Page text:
Alan Carr: Chatty Man

From Wikipedia, the free encyclopedia
  (Redirected from Alan Carr Chatty Man)
Jump to: navigation, search
Alan Carr: Chatty Man
Directed by Chris Howe
Presented by Alan Carr
Country of origin United Kingdom
No. of series 14
No. of episodes 154 (as of 12 June 2015) (list of episodes)
Production
Executive producer(s) Andrew Beint
Addison Cresswell
Producer(s) Open Mike Productions
Jon Holman
Location(s) The London Studios
Running time 50–80 minutes
Release
Original channel Channel 4
Original release 14 June 2009 (2009-06-14) – present
Chronology
Related shows The Sunday Night Project
The Justin Lee Collins Show
Alan Carr's Specstacular
External links
Website

Alan Carr: Chatty Man (also simply known as Chatty Man) is a BAFTA award-winning[1] British comedy chat show presented by comedian Alan Carr. The show features interviews with celebrity guests, sketches, topical chat and music.

The show was first on as two pilots in late May 2009; it proved popular with the public and was commissioned for a series. The first episode drew in a total of 2.15 million viewers. To date, the show has broadcast 14 series and 154 episodes. The eleventh series consisted of 18 episodes, making it the longest series to date. A new series began airing on 30 August 2013. In 2013, Carr signed a two-year contract extension with Channel 4. The exclusive deal will see him staying at the channel until 2015 in a new deal worth £4 million.[2]

In continental Europe and Scandinavia, Alan Carr: Chatty Man is shown on BBC Entertainment a week behind the UK. Old episodes are being aired on 4Music.[3]

Filming[edit]

A structural difference from other British chat shows is that while the guests for each episode of Chatty Man all film on the same day, there is rarely any on-screen interaction between the guests. A guest will be introduced and be interviewed, and then they are almost always gone when the next guest comes out. An advantage to this process is that Carr is able to pre-tape interviews with certain guests. If a particular guest is unavailable to be interviewed on the chosen week, an interview can be pre-taped and slotted in during the next week's editing. Often, at the end of a series, the final episode can be made up of three pre-taped interviews (as well as a musical performance) filmed earlier in that particular series' run, thus eliminating one tape date.

Issues[edit]

An interview with Marilyn Manson was recorded in mid 2009, however, due to Manson's drunkenness, plans to air the interview were scrapped.[4]

In July 2010, Lily Allen was slated to appear on the show for an interview and to perform with Professor Green, but she ended up pulling out at the last minute for medical reasons, along with Green. Due to this being her second time pulling out of Chatty Man, Carr berated her in front of his audience before filming. She later apologised to him on Twitter.[5]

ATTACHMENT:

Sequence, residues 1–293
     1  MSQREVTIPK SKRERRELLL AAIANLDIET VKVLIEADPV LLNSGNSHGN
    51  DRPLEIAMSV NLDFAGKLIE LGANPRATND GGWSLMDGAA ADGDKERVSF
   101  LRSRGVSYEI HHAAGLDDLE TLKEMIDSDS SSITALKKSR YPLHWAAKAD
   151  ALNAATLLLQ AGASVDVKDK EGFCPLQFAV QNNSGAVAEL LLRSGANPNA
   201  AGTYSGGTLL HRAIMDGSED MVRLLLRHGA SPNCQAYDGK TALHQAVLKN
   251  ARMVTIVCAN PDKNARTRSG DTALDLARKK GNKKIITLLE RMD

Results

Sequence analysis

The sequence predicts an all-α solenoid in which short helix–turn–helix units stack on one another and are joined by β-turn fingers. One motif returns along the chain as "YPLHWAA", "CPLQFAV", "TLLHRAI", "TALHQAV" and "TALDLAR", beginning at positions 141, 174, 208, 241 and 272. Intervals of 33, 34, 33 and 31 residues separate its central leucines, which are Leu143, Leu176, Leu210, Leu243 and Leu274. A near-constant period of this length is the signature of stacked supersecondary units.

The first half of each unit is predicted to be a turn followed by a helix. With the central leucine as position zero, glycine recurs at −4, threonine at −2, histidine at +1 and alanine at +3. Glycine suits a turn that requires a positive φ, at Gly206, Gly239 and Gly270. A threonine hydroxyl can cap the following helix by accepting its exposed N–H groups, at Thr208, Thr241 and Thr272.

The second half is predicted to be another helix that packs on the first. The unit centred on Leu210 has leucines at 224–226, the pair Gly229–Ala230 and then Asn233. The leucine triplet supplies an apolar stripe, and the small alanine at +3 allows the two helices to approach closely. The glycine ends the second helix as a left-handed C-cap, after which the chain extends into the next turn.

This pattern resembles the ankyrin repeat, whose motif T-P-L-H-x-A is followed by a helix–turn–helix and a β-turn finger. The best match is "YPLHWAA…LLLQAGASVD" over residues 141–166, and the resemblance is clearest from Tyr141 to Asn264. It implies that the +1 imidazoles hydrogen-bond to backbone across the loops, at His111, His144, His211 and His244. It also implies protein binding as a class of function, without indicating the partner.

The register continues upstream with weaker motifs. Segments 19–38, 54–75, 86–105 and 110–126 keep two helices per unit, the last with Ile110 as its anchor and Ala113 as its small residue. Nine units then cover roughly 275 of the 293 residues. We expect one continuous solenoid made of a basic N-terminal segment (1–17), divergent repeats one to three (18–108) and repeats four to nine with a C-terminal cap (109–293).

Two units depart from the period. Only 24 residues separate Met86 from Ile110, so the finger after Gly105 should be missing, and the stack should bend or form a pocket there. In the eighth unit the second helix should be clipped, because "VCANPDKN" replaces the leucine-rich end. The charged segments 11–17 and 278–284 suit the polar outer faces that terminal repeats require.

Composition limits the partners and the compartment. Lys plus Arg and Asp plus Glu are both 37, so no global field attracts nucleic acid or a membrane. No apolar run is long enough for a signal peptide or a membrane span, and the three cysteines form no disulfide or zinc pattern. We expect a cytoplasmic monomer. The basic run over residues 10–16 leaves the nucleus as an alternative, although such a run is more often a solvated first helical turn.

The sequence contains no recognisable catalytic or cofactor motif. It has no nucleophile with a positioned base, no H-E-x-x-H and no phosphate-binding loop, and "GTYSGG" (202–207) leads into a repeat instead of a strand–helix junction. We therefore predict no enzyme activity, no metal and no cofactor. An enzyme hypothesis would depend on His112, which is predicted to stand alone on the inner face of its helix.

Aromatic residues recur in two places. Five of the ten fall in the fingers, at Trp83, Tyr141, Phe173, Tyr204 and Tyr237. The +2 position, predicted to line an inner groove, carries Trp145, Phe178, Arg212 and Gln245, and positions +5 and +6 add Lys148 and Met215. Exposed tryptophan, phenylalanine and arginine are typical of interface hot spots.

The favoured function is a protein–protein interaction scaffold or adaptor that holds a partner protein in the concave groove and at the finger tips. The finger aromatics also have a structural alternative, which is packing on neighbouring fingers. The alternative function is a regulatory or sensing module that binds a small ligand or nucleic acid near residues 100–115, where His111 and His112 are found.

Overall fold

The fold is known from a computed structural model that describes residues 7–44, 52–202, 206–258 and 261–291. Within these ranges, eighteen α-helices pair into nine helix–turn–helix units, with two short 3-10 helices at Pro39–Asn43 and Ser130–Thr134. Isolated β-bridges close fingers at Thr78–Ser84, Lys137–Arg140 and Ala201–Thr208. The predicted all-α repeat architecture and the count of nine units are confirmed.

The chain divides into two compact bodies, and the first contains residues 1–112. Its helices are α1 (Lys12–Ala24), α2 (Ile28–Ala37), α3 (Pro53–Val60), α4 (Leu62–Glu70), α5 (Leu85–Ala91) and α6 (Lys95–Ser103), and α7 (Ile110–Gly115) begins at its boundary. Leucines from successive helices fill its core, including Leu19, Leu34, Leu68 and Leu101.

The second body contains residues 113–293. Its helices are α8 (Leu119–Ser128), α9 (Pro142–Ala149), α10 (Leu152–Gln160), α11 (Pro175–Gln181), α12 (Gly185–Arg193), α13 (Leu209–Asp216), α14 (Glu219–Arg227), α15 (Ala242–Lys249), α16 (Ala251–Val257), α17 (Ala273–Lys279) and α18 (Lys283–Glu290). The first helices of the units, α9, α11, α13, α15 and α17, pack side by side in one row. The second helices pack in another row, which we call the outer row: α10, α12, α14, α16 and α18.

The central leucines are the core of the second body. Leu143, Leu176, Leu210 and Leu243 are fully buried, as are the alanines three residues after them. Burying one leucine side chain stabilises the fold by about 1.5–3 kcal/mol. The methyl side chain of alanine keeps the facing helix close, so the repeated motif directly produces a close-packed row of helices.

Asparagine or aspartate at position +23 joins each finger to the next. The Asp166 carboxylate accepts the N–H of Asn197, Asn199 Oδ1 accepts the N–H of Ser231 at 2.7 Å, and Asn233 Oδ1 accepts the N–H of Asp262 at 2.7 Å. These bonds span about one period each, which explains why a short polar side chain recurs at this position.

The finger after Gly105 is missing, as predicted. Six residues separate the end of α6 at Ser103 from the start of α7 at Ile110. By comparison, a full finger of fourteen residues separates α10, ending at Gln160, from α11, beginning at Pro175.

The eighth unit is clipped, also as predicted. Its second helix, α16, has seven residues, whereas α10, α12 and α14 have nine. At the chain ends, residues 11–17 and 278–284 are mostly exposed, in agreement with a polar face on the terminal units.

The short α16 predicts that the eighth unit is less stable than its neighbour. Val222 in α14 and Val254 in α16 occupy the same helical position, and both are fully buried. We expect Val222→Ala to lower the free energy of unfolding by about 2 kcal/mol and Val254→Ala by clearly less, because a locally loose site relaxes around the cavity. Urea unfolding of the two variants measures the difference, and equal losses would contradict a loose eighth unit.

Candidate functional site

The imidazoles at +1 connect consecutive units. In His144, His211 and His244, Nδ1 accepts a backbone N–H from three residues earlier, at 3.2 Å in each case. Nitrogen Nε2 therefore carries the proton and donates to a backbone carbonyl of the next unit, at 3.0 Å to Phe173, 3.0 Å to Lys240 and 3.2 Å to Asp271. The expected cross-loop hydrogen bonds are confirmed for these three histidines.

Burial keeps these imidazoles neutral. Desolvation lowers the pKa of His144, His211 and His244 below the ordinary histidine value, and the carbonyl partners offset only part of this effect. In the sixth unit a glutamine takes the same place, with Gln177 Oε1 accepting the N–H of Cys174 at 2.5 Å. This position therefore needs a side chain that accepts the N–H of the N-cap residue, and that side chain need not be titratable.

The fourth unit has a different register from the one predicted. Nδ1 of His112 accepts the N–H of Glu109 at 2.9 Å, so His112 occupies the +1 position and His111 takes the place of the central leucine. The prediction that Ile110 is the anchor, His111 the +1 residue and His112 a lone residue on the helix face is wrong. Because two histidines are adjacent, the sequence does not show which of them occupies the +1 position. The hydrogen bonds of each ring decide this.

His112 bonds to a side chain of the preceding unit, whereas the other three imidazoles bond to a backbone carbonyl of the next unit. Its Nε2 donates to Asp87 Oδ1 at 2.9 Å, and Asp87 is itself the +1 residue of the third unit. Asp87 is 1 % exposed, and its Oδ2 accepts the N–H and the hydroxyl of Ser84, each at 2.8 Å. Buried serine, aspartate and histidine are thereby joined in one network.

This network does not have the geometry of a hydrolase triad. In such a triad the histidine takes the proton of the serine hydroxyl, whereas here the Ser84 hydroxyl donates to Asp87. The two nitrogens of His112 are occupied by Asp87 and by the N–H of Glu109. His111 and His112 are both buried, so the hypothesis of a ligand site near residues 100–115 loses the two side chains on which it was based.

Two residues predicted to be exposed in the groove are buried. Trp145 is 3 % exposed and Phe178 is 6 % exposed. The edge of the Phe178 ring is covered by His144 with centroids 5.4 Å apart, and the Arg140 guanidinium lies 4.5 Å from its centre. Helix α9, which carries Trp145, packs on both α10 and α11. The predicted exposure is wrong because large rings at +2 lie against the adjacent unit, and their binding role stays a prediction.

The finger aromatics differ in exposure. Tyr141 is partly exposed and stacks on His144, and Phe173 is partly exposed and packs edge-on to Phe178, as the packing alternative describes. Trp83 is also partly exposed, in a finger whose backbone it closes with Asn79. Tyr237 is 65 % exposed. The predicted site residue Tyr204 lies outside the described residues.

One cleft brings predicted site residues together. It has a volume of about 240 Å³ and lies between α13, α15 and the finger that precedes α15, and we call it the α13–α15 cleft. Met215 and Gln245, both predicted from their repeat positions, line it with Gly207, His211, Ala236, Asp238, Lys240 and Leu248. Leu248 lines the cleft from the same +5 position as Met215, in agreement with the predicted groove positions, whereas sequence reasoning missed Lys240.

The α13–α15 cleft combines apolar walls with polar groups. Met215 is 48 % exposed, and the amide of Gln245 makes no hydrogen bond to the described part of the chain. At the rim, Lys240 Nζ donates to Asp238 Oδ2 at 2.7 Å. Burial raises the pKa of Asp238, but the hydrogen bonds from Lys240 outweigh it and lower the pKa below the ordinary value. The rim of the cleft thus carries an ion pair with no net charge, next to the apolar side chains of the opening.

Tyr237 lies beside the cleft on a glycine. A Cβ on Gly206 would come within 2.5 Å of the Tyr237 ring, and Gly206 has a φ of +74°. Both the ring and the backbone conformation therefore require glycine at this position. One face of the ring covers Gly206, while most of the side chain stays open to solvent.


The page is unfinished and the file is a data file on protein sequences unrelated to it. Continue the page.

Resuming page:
Episodes[edit]

International broadcasts[edit]

  • In some of the Nordic countries (Sweden, Norway, Denmark and Finland), Chatty Man is shown on BBC Entertainment since September 2012 and BBC Brit since May 2015
  • In the Benelux-countries and Sweden, Chatty Man is shown on OUTTV.
  • In continental Europe, it is shown on BBC Entertainment on a weekly basis, a few weeks behind the original broadcast in the UK.
  • In Belgium, it is shown on Acht also on a weekly basis a few weeks behind the original broadcast in the UK.
  • In Australia, it is shown on BBC UKTV[6], with rebroadcasts on ABC.
  • In New Zealand, Chatty Man is aired on TV One[7]
  • In Canada, it is is shown on OUTTV.
  • In South Africa, it is shown on SABC 3 on Saturdays.

References[edit]

  1. ^ "TV Choice Best Entertainment Award". tvchoicemagazine.co.uk. 7 September 2010. Archived from the original on 12 September 2010. Retrieved 10 October 2010. 
  2. ^ Eames, Tom (11 April 2013). "Alan Carr signs new two-year deal with Channel 4". Digital Spy. Retrieved 11 April 2013. 
  3. ^ "show: Alan Carr: Chatty Man". 4Music. Retrieved 12 March 2013. 
  4. ^ "Information on Alan and Marilyn Manson". Alancarr.net. 13 July 2009. Retrieved 5 March 2010. 
  5. ^ "Alan Carr hits out at Lily Allen after she pulls out of his chat show over illness". Daily Mail. 8 July 2010. 
  6. ^ "Alan Carr: Chatty Man". BBC Worldwide Australia. Retrieved 2015-08-28. 
  7. ^ "Alan Carr Chatty Man". Television New Zealand. 

External links[edit]